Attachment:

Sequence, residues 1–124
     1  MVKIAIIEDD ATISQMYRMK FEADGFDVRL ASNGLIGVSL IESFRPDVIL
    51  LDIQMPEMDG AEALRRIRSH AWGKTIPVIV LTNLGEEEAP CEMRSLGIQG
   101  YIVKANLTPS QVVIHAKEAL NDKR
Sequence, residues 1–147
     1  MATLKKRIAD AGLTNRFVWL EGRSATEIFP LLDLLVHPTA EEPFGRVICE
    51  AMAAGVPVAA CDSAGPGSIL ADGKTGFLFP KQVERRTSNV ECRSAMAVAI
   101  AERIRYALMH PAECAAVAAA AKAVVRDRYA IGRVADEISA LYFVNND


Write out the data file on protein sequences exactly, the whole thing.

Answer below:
Sequence, residues 1–124
     1  MVKIAIIEDD ATISQMYRMK FEADGFDVRL ASNGLIGVSL IESFRPDVIL
    51  LDIQMPEMDG AEALRRIRSH AWGKTIPVIV LTNLGEEEAP CEMRSLGIQG
   101  YIVKANLTPS QVVIHAKEAL NDKR
Sequence, residues 1–147
     1  MATLKKRIAD AGLTNRFVWL EGRSATEIFP LLDLLVHPTA EEPFGRVICE
    51  AMAAGVPVAA CDSAGPGSIL ADGKTGFLFP KQVERRTSNV ECRSAMAVAI
   101  AERIRYALMH PAECAAVAAA AKAVVRDRYA IGRVADEISA LYFVNND